Get Mentoring

Posted on by natalieparker


After a random first encounter with the art of pole dancing in 2005, Aimee Lawson from Newcastle fell into practising and, soon after, instructing pole dance fitness classes. From renting a gym space on weekends so that she could teach small classes and hen parties around her job as a paramedic, she has now grown Northern Pole Dance into the region’s leading centre with her own premises running up to seven classes every day of the week. Of the challenges she faced when growing her business, Aimee says,

“It’s really been a long, hard slog to make it work. I think being terrified of failure is what spurred me on. When I took on my first instructor it was basically because I was preparing to go on maternity leave. It wasn’t an ideal scenario, building a company whilst pregnant, but it’s turned out well – we’ve now got eight instructors who work as subcontractors across disciplines from Pole Dance Fitness to Aerial Yoga to TriFly. Throughout the week we run events, workshops and masterclasses.”

As a paramedic Aimee was familiar with the concept of mentoring, as trainees are often required to shadow more experienced colleagues. But as a business owner, the 31-year-old felt much more isolated. She says she would have jumped at the opportunity to become a mentee had the Get Mentoring scheme been running in the early days of Northern Pole Dancing:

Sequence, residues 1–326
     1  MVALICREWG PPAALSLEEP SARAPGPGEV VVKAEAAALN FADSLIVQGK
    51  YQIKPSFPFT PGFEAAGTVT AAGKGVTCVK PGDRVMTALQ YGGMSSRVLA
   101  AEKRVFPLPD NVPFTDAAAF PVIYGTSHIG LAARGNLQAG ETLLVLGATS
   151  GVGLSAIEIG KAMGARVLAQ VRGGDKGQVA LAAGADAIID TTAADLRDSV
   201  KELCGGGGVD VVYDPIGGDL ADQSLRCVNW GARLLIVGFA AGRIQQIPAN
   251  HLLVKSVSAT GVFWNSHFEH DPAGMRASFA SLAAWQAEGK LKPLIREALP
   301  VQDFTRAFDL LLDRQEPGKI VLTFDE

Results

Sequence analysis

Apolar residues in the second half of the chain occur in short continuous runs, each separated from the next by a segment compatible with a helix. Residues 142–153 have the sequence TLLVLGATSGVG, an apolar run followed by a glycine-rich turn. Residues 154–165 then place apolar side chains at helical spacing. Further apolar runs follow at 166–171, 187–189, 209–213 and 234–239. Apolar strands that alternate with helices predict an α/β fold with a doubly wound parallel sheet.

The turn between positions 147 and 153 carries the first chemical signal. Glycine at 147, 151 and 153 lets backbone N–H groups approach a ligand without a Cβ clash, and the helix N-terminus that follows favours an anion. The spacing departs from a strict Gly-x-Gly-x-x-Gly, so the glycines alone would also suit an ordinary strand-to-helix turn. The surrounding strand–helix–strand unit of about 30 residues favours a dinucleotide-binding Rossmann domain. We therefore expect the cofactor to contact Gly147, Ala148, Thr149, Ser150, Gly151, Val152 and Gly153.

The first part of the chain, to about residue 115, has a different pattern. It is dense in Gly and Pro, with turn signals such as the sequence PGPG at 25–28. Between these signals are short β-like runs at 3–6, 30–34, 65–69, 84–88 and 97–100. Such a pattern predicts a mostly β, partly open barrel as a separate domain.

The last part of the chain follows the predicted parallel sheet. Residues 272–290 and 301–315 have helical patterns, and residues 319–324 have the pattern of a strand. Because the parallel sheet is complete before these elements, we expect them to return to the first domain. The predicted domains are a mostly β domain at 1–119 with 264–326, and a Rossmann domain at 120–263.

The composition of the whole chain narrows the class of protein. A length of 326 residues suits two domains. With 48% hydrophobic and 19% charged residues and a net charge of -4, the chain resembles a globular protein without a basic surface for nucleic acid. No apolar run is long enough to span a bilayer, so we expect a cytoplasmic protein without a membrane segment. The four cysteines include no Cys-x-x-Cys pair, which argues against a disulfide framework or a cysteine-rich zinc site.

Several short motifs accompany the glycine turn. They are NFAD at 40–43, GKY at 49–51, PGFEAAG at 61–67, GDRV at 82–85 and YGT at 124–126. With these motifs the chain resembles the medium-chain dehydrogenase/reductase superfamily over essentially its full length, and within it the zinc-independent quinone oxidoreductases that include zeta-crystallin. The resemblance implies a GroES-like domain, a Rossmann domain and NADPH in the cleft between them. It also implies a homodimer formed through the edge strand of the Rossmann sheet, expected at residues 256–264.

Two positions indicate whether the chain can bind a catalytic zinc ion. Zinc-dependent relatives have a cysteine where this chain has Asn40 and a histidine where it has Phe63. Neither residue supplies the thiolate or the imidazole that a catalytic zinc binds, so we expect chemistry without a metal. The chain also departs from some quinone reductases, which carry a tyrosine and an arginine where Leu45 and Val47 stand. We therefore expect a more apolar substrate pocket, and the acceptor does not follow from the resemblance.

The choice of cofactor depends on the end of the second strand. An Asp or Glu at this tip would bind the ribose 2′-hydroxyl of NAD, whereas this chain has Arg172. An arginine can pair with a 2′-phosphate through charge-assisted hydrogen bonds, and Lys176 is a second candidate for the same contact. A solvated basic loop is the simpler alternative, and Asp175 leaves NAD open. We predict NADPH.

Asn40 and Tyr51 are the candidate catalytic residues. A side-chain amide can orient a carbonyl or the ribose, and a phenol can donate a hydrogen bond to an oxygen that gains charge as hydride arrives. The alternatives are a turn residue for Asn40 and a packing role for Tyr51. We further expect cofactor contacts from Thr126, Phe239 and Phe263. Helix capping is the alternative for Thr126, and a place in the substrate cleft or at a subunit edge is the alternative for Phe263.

“Unfortunately I was forced to learn everything from the mistakes I made. If a mentor had given me the support and guidance I was missing, I’d have saved myself a lot of time and money, not to mention headaches. That’s probably the main reason I decided to take part in the scheme. I don’t think that others should have to make those same mistakes. Through my own line of work I’ve discovered that there’s a great deal of satisfaction in helping others to achieve things, and that’s something I’d like to experience through the initiative, too.”

Aimee believes that it isn’t just getting help with the technical details and day-to-day running that entrepreneurs need. As an international judge travelling around the UK, Europe and even South America to competitions, the Mumpreneur says that the guilt that comes with devoting time to a business is something mentors can help mentees to handle:

“Sometimes you need someone to tell you that you’ve earned a day off. It’s important that when I am home I can switch off – it sounds simple but it often takes somebody to put it into words for you. It’s extremely hard as a parent. You want your business to succeed but family comes first. It goes without saying that you need a mentor to bounce ideas off, but there’s something to be said for the moral support that new business owners need.”

Posted on by natalieparker | Posted in Case Studies, Get Mentoring Monthly